head, a series of twitches it was tempting to contrast with the absolute
physical rigour of his work.
He's like a singer in the control that he exerts over his voice, the
timing so accurate that he seems to have managed to calculate the exact effect
of every last nuance and every intake of breath. It's as if he extracts all
possible laughter from a barely perceptible pause.
Thinking of all he had done, over the years, from the comic roles for
which he is celebrated to a crew of repulsive characters and downright bastards
in plays like John Romeril's The Floating World and David Mamet's Glengarry
Glenross, I asked him what was constant in the work. I was wondering if a kind
of edginess ran through it - deciding otherwise, when I saw him rehearsing
Hotspur half an hour later.
But for the moment McDonald was constructing a routine out of my careless
question. The constant in his work was him, "this bald-headed guy," he said.
"But not in this play ..."
At long last he's going to be allowed to wear a wig that will give his
character a little more hair than he has himself.
"You'd think if a person that had your hairstyle was going to wear a wig,
they'd want a complete full wig," I said cautiously. "Had my," (and McDonald
paused for no more than a nanosecond), "hairstyle, that's very tactful,
It was about then that I must have asked him about being bald. What with
the lines furrowed on his forehead, his soulful brown eyes, pointy elf ears and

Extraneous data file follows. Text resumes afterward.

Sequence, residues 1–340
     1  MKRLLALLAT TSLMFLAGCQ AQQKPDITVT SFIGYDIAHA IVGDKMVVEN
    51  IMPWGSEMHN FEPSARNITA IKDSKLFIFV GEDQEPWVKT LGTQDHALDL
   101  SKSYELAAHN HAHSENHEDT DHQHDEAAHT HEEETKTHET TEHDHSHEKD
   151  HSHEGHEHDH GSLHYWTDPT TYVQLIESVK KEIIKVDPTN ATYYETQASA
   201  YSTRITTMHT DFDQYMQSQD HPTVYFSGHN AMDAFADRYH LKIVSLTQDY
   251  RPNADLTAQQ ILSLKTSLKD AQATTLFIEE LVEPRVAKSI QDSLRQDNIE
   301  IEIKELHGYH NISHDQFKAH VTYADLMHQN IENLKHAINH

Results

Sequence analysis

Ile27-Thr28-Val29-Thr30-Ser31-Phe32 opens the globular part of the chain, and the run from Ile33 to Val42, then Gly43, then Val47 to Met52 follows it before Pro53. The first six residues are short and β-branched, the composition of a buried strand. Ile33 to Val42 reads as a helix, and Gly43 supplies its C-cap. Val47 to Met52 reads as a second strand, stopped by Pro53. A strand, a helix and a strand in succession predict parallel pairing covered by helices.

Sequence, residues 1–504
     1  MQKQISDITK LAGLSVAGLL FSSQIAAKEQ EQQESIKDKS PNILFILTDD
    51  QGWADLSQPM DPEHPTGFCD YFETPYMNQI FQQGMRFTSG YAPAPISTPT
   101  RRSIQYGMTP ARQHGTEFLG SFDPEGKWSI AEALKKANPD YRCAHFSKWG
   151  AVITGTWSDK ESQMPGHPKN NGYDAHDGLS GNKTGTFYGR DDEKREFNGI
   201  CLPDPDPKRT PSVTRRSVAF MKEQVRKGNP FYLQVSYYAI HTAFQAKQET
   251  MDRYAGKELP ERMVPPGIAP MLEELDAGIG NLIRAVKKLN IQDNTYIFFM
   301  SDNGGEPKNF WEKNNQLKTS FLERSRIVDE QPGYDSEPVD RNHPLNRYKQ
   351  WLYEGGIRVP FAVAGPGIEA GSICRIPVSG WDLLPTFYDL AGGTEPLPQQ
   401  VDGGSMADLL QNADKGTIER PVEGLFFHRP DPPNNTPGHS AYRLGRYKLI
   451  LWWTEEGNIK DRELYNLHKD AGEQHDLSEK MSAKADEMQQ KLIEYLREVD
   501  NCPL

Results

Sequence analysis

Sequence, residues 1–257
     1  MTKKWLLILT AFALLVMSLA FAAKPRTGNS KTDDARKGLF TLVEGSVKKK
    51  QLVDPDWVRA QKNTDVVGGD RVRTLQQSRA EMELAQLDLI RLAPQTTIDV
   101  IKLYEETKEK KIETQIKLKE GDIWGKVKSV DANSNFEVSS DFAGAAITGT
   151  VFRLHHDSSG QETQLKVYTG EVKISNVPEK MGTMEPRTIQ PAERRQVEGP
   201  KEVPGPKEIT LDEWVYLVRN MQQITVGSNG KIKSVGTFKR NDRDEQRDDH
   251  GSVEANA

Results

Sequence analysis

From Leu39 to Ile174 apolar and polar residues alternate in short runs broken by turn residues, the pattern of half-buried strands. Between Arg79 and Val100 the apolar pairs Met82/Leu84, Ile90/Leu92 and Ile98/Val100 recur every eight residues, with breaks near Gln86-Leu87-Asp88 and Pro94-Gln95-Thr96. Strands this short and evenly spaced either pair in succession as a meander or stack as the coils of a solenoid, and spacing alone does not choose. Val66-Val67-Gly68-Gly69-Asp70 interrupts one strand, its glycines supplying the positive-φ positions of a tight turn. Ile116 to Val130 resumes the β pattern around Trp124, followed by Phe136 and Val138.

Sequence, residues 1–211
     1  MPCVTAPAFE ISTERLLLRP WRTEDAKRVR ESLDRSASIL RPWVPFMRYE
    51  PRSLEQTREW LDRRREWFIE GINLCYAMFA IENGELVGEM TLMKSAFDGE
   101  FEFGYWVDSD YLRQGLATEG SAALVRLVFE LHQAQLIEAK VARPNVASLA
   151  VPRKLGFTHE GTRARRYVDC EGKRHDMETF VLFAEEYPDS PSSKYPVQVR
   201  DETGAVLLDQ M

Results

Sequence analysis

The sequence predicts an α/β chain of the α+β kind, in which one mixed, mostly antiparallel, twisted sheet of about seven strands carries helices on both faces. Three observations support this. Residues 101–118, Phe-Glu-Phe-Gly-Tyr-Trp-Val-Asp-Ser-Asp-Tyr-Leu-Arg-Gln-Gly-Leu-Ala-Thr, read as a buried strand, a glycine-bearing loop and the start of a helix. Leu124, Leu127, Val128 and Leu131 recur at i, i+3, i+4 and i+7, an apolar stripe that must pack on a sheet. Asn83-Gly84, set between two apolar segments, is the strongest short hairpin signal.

a nose large enough to be a landmark, McDonald looks as if nature prepared him
to be a comic. But did that make him any more philosophical about the lack of
hair (an absence some go on regretting as long as they live).
"... Being bald, am I used to it? Oh, just slightly."
McDonald, who doesn't laugh much, gave a strangulated laugh and polished
off a mouthful of gnocchi.
"Do you mean do I long to have hair?" he said.
"I suppose it's a bit like giving up smoking. One day you wake up and
think, 'I don't feel like having that comb in my hand any more ...'"
He paused for another split second. "It's saved me a lot of time," he said
in the tone of a man sharing the secrets of his success.
Hard as he is on himself, he has a gift for portraying characters suffused
with self-satisfaction. In Hotspur, McDonald as Freddy Brown, plays a former
millionaire and constant schemer. In the last act, which is what they were
rehearsing last Monday, he has a moment in which he twirls around, delighting in
his own cleverness. Seeing the actor do these few steps was like seeing
smugness itself made into flesh.
"He wants to know exactly how the character he is playing is
thinking,"Hotspur director Simon Phillips was to tell me. "What makes him so
clear as an actor is that he'll absolutely identify attitude, to work out at any
given moment where his character is coming from ..."
BUT in the big rehearsal room at the Wharf Theatre, things had come to a
halt for a bit and McDonald, dropping out of character and ambling across the
stage, thinking about something, had his mouth open and was waggling his tongue
from side to side, a gesture so bug-eyed and jittery I couldn't remember seeing
any other adult making it.
To anyone who remarked that it was strange for a person so prone to
anxiety to go into a nerve-wracking line of work like acting, he'd say - as he
said to me - "Look, anxiety hasn't got anything to do with the job you're in
I happened to have asked him if he worried that learning to manage his
anxiety would lessen his creativity and he looked at me as if he thought I must
be mad to ask such a question.
"I don't care," he had said suddenly almost shouting, "I don't care ..."